Graduate Student Awarded Oscar For Performance As “Mentally Healthy Person Happy With Their Life Choices” At High School’s STEM-Outreach Event

Clemente, E. et al.

In an attempt to find a “public engagement activity” required for an upcoming grant application, third-year graduate student Tammy Jones was released from her PhD duties for a whole 45 minutes to attend a STEM-promoting school event, and put on such a good performance of feigned happiness that she earned an Oscar nomination for the role of “Mentally Healthy Person Happy With Their Life Choices”.

“I was slightly reluctant in running the workshop at first, since I hadn’t really spoken to anyone in more than 7 weeks, and was worried my voice would crack from the effort of talking for longer than three minutes straight.” (Three minutes is the time it takes for Jones to order a pizza on the phone).

“But then I quickly skimmed through the script when I was on the can, and it was actually really well written. It had all the major clichés, such as science degrees “opening doors” for you, and being ‘exciting,’ ‘stimulating,’ and ‘fulfilling,’ but added an innovative appeal to pathos, normally reserved for social work, by claiming these degrees ‘allow you to make a real difference in the world.’ Brilliant, really!”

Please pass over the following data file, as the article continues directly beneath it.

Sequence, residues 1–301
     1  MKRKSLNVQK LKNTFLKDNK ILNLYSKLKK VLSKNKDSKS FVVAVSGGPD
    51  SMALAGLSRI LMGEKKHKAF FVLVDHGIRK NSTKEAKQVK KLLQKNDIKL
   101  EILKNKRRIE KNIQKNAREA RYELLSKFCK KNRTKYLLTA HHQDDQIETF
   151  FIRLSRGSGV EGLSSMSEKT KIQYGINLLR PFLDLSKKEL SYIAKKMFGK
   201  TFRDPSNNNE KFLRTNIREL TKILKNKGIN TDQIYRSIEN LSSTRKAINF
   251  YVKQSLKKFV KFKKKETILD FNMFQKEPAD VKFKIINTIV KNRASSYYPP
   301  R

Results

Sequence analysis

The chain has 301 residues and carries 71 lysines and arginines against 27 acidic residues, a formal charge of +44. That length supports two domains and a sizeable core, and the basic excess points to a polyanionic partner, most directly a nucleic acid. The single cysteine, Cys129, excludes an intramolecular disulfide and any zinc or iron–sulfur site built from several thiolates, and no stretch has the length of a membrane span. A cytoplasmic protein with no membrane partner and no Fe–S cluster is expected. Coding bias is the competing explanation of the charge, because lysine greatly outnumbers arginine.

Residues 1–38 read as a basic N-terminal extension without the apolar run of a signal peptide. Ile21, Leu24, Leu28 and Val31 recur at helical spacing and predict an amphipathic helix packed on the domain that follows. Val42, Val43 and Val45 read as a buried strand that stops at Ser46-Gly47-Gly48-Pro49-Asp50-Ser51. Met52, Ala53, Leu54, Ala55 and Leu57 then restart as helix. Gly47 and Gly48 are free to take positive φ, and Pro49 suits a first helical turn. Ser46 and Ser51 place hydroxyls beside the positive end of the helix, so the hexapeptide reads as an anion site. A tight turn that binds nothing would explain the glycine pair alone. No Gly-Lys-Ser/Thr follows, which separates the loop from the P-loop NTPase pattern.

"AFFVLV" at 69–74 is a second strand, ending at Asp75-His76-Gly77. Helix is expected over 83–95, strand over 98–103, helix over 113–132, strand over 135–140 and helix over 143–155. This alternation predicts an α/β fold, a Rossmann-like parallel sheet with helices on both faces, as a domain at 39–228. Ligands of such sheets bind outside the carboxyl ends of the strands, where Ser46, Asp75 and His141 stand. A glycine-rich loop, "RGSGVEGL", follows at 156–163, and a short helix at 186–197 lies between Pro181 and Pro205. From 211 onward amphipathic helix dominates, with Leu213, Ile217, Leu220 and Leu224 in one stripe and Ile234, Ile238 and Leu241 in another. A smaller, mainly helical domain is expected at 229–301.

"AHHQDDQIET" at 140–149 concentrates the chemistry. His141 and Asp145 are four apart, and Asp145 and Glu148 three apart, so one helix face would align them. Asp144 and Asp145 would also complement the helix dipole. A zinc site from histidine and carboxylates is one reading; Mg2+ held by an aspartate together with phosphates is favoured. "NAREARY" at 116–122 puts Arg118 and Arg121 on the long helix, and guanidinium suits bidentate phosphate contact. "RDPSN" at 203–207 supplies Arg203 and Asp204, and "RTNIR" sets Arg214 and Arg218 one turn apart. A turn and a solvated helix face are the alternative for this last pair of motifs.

“Fortunately, I got so carried away in my performance that we ran out of time for the Q&A bit of the workshop – I doubt I would have managed to keep it together if I had been forced to go off script.”

Sir Kevin Williams, chair of the committee responsible for selecting the winner of the award, released a thread on Twitter explaining their decision:

“Ms. Jones did an absolutely terrific job in this role. Members of The Academy were particularly touched by the student’s sincere expression when suggesting that she was “thrilled he decided to embark on this soul-destroying journey.” Also, we just felt bad for the fact that her PhD work will most likely not lead to a “publication that is read by more than 5 people, let alone to a Nobel Prize, so we thought this was the best we could do.”

Jones hopes that continuing to “method act” happiness with her PhD program will one day translate into research success.

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Elisa Couto Clemente

Elisa is a Neuroscience PhD student based in London. She loves all things science and is also passionate about science communication. Elisa prefers drowning her PhD sorrows with laughter rather than alcohol, and has performed stand-up comedy at the Bloomsbury Festival and at the Science Museum Lates in London.

About Elisa Couto Clemente 4 Articles
Elisa is a Neuroscience PhD student based in London. She loves all things science and is also passionate about science communication. Elisa prefers drowning her PhD sorrows with laughter rather than alcohol, and has performed stand-up comedy at the Bloomsbury Festival and at the Science Museum Lates in London.